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SAES GETTERS, S.P.A. v. ERGENICS

June 16, 1992

SAES GETTERS, S.p.A., Plaintiff,
v.
ERGENICS, INC., Defendant.


CHESLER


The opinion of the court was delivered by: STANLEY R. CHESLER

STANLEY R. CHESLER, U.S. Magistrate Judge

 I. INTRODUCTION

 This matter comes before the undersigned on plaintiff's application for a preliminary injunction prohibiting defendant Ergenics, Inc. from infringing United States Patent Number 4,312,669 (the "Boffito patent"). The parties have consented to have plaintiff's application heard and decided by the undersigned. An Order referring these proceedings to the undersigned was issued by the Honorable Harold A. Ackerman. An evidentiary hearing was held on March 17 and March 18, 1992; oral argument was heard on June 1, 1992.

 II. PROCEDURAL BACKGROUND

 This action was commenced by plaintiff Saes Getters, S.p.A. ("Saes") on February 17, 1989. The original Complaint alleged that defendant Ergenics, Inc. ("Ergenics") infringed U.S. Patent Number 3,926,832 (the "Barosi patent"). Saes subseguently amended its Complaint to allege that Ergenics also infringed the Boffito patent through its marketing of products called HY STOR 402 and HY STOR 402C. On April 9, 1990, following an evidentiary hearing, Judge Ackerman issued a preliminary injunction prohibiting Ergenics from infringing the Barosi patent. See 15 U.S.P.Q. 2d. 1212 (D.N.J. 1990). On July 30, 1990, Judge Ackerman issued a similar preliminary injunction against Ergenics's infringement of the Boffito patent through the marketing of HY STOR 402 and HY STOR 402C. See 17 U.S.P.Q. 2d. 1581 (D.N.J. 1990). In each case, Judge Ackerman concluded that, while Ergenics did not literally infringe Saes's patents, infringement could be found under the doctrine of equivalents.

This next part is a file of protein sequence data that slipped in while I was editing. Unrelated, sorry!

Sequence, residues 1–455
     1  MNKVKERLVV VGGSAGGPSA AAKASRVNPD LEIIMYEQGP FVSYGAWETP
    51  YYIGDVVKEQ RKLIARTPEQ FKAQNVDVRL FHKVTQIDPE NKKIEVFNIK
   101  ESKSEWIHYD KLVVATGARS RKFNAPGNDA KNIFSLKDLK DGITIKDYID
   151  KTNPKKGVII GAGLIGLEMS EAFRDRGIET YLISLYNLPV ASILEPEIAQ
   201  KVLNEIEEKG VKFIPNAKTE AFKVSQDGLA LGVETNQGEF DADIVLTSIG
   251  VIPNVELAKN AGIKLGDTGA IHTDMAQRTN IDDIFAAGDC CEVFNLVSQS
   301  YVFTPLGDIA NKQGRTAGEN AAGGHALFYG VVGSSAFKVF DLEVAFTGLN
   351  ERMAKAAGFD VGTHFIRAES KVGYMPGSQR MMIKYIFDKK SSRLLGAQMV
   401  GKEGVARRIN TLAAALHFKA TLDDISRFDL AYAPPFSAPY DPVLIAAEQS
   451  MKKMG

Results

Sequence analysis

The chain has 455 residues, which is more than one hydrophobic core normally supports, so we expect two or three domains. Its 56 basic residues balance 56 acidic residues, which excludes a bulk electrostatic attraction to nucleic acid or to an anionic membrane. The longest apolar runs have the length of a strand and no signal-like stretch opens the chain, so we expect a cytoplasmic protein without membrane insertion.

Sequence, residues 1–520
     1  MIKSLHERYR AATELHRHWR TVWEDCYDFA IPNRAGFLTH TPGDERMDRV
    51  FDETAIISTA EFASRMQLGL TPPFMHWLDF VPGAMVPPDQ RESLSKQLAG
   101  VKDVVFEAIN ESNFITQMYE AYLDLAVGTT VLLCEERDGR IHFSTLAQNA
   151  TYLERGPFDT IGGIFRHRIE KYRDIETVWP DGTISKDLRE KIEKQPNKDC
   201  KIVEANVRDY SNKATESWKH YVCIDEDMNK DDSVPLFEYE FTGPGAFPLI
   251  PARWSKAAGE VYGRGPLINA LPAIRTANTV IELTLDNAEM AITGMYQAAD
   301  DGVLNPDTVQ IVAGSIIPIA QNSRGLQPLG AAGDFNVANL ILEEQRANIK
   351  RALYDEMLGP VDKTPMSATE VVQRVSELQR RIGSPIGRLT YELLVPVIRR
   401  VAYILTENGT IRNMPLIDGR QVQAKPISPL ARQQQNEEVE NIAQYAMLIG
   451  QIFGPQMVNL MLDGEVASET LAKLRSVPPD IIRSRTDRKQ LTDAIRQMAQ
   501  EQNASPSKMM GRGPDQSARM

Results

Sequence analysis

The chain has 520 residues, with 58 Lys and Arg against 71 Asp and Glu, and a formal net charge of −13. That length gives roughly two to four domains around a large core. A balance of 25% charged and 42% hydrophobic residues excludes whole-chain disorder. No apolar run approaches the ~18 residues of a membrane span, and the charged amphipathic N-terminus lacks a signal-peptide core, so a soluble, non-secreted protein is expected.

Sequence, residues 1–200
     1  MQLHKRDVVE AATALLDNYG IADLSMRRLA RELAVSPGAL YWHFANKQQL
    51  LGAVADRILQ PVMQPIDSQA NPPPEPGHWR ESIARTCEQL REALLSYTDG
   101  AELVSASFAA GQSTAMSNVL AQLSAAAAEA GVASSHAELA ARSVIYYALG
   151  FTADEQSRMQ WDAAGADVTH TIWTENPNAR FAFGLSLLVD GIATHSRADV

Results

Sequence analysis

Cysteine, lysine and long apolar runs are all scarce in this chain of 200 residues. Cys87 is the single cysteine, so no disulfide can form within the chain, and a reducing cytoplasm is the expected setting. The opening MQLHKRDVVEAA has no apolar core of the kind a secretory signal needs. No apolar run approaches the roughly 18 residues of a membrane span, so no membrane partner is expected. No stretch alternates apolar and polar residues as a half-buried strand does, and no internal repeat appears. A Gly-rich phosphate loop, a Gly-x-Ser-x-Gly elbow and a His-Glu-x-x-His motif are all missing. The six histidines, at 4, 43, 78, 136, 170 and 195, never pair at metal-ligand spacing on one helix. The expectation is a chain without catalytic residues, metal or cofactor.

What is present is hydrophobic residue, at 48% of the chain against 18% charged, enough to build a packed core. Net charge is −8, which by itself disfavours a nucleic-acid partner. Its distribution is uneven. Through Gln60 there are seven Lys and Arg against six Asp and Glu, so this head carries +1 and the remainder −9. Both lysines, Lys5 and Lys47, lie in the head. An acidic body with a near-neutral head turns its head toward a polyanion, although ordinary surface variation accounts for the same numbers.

Thereafter, Ergenics began marketing a new product, HY STOR 405. Saes further amended its Complaint to allege that HY STOR 405 infringed the Boffito patent. Saes then moved for a preliminary injunction to enjoin Ergenics from marketing this product and for partial summary judgment upholding the validity of the Boffito patent. In an Opinion and Order issued this same date, the Court has granted Saes's motion for partial summary judgment.

 The Boffito patent is a process patent. It covers a "gettering" process, which is a process used to maintain a vacuum in various products, such as cathode ray tubes. Specifically, the Boffito patent encompasses a gettering process capable of sorbing water, water vapor, and other gases at low temperatures and at low pressures, without the release of hydrogen. A particular advantage of this process is that the getter can be activated at temperatures lower than those used in prior processes. As conceded by Dr. Gary Sandrock, Ergenics's expert, the Boffito patent is the "first commercially successful metal getter, nonevaporable getter, that could be activated at low temperature." Deposition of Dr. Gary Sandrock at 36.

 Claims 1 and 3 of the patent are representative of the patent's claims. *fn2"

 Claim 1 of the patent specifies the composition of the getter metal to be used in the process and calls for 45-75 percent by weight zirconium, 20-50 percent by weight vanadium, and 5-35 percent by weight iron. Id. P 7. Specifically, claim 1 of the patent states:

 We claim:

 1. A process for the sorption of gas from a closed vessel comprising the steps of:

 (A) introducing into the vessel a non-evaporable ternary gettering alloy whose composition in weight percent when plotted on a ternary composition diagram in weight percent Zr. [zirconium] weight percent V [vanadium] and weight percent Fe [iron] lies within a polygon having as its corners the points defined by:

 a - 75% Zr - 20% V - 5% Fe

 b - 45% Zr - 20% V - 35% Fe

 c - 45% Zr - 50% V - 5% Fe

 (B) evacuating the vessel to a pressure of less than 10 (- 2) torr

 (C) activating the gettering alloy by heating the ternary alloy to a temperature of greater than 700 degrees C, and

 (D) reducing the temperature to a value between 400 degrees and 25 degrees C.

 See Plaintiff's Bench Book of Exhibits ("Plaintiff's Exhibit"), Exhibit A at col. 7 (emphasis added).

 Similarly, claim 3 of the patent states:

 We claim:

 1. A process for the sorption of gas from closed vessels comprising the steps of:

 (A) introducing into the vessel a non-evaporable ternary gettering alloy whose composition in weight percent when plotted on a ternary composition diagram in weight percent Zr. [Zirconium] weight percent V [vanadium] and weight percent [iron] lies ...


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